The song is arranged by Palestinian cellist Naseem Alatrash and features the vocals of Syrian singer Nano Raies
Listen to this Arab cover of The Beatles' Drive My Car as the Saudi women's driving ban ends
Of all the driving-related songs in pop music history, it was perhaps inevitable that The Beatles’ Drive My Car would become the first anthem for the women in Saudi Arabia who, from June 24, will legally be allowed to drive on the kingdom’s roads.
And PRI's The World (an American public radio magazine with an emphasis on international news) has partnered with world renowned Berklee College of Music to celebrate both the change in Saudi policy and the Lennon/McCartney classic by Arabising it, lyrically and musically, and recording what is undoubtedly one of the most poignant cover versions in recent years.
Click below to listen:
The song, written mostly by Paul McCartney with lyrical input from John Lennon, originally appeared on The Beatles’ 1965 album, Rubber Soul, and was used as the B-side to Michelle when that track was released as a single. Over the years it has been covered by many artists but the version recorded on May 17, at WGBH’s Fraser Performance Studio in Boston, Massachusetts, will have a special resonance throughout theGulf region this month.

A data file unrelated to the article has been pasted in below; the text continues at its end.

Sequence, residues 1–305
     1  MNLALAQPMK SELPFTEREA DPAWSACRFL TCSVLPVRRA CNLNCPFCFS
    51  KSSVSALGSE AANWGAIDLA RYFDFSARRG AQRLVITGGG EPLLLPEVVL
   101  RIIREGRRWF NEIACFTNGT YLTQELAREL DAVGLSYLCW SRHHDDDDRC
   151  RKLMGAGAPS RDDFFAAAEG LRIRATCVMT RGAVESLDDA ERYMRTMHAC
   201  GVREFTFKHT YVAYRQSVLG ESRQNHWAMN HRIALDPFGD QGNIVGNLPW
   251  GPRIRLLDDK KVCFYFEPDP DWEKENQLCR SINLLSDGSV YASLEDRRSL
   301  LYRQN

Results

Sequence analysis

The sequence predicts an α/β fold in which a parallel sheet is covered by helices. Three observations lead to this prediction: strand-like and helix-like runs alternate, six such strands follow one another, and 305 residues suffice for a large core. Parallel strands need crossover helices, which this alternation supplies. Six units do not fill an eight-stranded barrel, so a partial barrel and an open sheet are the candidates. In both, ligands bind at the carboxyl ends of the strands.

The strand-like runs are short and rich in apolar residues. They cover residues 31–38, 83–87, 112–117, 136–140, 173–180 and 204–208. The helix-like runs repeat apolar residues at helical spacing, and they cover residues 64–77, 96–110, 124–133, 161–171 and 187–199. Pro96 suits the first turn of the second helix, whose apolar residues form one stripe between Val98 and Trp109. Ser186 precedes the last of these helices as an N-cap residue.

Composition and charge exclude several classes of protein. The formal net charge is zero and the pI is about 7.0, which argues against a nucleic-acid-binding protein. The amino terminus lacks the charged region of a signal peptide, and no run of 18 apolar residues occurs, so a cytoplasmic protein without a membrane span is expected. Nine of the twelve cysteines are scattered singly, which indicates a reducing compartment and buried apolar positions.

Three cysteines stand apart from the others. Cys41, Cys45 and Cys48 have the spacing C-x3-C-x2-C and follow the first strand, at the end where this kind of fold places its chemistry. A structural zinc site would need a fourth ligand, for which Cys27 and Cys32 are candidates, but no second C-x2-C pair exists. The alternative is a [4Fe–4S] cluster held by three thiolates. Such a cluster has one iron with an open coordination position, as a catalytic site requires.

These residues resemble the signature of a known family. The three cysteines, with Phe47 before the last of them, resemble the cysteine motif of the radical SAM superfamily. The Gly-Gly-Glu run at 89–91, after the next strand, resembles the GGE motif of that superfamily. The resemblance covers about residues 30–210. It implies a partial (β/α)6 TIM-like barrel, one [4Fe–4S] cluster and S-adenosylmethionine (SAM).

The song was arranged by Palestinian cellist Naseem Alatrash, and features the vocals of Syrian singer, Nano Raies, while the group of musicians collectively involved was given the name Nano and the 6-2-4, in reference to the 24th day of the sixth month, in which the driving ban is set to be lifted.
Alatrash has said that, as a Palestinian, he had become used to being stopped and asked for documents when he drove in his homeland, so he sympathised withhow many Saudi women felt under the ban. “Driving a car is a basic thing to live in dignity,” he said in an interview on PRI’s The World.
In order to allow the resultant track to be recognisable as a Beatles song, Alatrash kept the energy levels similar, while swapping most of the instruments used by the Fab Four for regional acoustic items and Arabic percussion, while student vocalist Raies wrote subtly different lyrics to suit the new narrative while maintaining the unique Middle East vibe.